02. September 2004 · Comments Off on Rites, Legends and Lore #9: Meetings, Bloody Meetings · Categories: General

This blogger laments the time wasted in meetings, meetings to plan events, meetings that are a waste of time and annoyance to most of the people involved. But the ability to run a productive meeting is a skill, a rare and necessary skill, and the military was where I first saw it displayed to effective advantage.
MSgt Rob the station manager at FEN Misawa, for reasons of his own, of which I knew nothing at the time, but probably had more to do with his schedule and disinclination to spend his own time on a pretty routine task, sent me to attend a planning meeting. It was the planning meeting to work out the details of the annual Air Force ball, and all around the table at the NCO club were representatives from every other unit on base. All guys, every one of them with about six times my time in service, and enough stripes to dazzle a herd of zebras.
And they had the whole project sorted out in a briskly off-hand manner;
Venue? O’Club or NCO. O’Club a bit more plush, a bit more special. All in favor? Aye.
Date? Calendars consulted. Friday in September when the O’Club was available. No conflicts with third Friday? Ok, then. Third Friday it was.
DJ, for after-dinner dancing? One of the present NCOs was the MWR manager, and armed with a list of available DJs. He was detailed to work out who would be available for that date, and brief us at the next meeting; any of them would be acceptable.
Cost of tickets? Keep ’em affortable so the junior enlisted could participate. Some small discussion on what exactly consituted affordible, and all eyes swiveled to me, as the only junior enlisted present. I stammered out a cost which I thought would be acceptable. Right. Agreed? Next item— the menu.
The MWR manager, prepped with a list of available banquet entrees available from the O’Club kitchen, read out the items that agreed with the cost of tickets: chicken with mushrooms, or beef burgundy. Everyone cool with that choice? Good.
Guests at the head table? Of course the guest of honor, who would also be the speaker. The base commanders and spouses, the chaplain who would do the invocation— short sidetrack while the representative from the Chapel was instructed to see which of the chaplains would be available on the date in question.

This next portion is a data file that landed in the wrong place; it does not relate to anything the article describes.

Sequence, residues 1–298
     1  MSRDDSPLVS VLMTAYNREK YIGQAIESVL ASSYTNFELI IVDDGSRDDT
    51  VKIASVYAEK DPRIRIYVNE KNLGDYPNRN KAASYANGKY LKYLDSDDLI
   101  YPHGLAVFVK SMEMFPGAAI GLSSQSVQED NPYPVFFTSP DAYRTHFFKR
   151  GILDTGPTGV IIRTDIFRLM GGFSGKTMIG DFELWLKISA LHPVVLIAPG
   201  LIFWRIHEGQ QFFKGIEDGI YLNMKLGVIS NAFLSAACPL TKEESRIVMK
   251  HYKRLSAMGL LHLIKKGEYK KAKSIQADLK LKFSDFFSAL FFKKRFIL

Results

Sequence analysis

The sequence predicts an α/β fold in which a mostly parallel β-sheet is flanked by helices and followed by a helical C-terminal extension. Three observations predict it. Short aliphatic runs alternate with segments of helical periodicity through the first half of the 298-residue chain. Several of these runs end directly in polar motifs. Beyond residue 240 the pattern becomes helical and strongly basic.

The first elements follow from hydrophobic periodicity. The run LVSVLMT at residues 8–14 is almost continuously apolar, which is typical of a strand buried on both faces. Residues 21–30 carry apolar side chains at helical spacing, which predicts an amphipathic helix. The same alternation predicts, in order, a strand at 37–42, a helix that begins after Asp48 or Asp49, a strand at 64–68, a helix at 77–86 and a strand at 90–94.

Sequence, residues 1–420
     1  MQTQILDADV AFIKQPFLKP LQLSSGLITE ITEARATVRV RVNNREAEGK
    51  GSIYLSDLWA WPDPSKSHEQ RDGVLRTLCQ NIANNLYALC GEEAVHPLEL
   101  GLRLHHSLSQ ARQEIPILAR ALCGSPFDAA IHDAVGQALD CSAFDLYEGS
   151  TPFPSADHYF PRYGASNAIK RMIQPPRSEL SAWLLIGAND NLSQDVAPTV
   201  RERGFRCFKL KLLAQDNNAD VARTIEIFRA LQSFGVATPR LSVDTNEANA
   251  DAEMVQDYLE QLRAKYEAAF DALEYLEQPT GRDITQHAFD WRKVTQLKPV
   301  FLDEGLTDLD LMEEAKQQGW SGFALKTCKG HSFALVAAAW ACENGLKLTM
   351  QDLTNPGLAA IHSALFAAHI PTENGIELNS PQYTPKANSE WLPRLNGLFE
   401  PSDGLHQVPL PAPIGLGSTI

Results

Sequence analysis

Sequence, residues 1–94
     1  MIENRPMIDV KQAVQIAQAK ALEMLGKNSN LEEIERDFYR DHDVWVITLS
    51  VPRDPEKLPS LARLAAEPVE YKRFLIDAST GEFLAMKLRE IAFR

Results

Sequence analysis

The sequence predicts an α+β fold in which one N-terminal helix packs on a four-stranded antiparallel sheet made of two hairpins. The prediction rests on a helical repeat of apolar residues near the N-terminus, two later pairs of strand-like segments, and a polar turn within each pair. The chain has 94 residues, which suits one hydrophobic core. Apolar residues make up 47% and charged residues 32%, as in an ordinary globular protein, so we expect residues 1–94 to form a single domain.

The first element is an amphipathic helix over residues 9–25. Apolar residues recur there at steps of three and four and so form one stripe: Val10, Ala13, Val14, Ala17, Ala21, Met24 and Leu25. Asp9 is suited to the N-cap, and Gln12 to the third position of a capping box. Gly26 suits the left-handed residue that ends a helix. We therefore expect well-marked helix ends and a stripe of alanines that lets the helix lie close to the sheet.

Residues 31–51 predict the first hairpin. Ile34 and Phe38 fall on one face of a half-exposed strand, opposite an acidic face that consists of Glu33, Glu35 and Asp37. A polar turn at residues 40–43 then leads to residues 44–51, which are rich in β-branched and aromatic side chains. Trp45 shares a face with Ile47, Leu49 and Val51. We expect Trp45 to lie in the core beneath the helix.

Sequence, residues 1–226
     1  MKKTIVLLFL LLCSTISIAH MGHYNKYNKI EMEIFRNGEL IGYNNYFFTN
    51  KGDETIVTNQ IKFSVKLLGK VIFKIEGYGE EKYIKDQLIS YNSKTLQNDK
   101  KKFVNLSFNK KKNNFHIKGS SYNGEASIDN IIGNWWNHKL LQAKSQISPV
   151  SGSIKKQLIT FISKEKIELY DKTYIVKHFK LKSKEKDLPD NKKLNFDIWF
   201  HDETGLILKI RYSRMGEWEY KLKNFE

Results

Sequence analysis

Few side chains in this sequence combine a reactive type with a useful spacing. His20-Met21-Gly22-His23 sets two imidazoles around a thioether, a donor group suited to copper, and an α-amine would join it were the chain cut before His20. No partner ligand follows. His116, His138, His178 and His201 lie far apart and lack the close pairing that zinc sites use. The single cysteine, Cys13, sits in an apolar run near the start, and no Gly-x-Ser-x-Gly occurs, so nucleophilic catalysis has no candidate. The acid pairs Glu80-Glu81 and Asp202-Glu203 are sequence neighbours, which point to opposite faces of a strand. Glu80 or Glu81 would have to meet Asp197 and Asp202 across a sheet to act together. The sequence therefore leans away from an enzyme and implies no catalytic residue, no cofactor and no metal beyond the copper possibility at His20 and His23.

Decor for the tables, and that? This produced a silence, until I cleared my throat and suggested that the tablecloths be autumn colors— red and gold, maybe. And fall foliage on the tables instead of flowers.
I held my breath; this sort of thing would have brought about hours of discussion among the Girl Scouts, or the church ladies. Everyone would take sides, and argue over it, and not a few feelings would be hurt, and it would only be resolved when everyone was heartily sick of fighting over it.
The senior NCO looked at the MWR manager? Red and gold tablecloths? Not a problem, said the MWR manager, we got ’em. All agreed, red and gold it is.
Deliver the guest of honor in an eccentric vehicle— of course. It is the custom. Some discussion about possibly using the flight-line fire engine. The NCO from the fire department does not like that, and suggests using the little “follow me” truck. Perfect. All agreed. The NCO from the motor pool will make the “follow me” truck available on the evening in question.
The NCO representing the Personnel section— which included the base reprographics section— has enough information to mock up the tickets. At the next meeting, the program for the evening would be set. He would bring the tickets to the next meeting, where we would have the information for the final program line-up. Anything we’ve forgotten? No. Next meeting, this time next Thursday.
Fourty-five minutes flat, under the firm hand of decisive people who do not wish to waste time… or anyone elses.
I love doing business that way.

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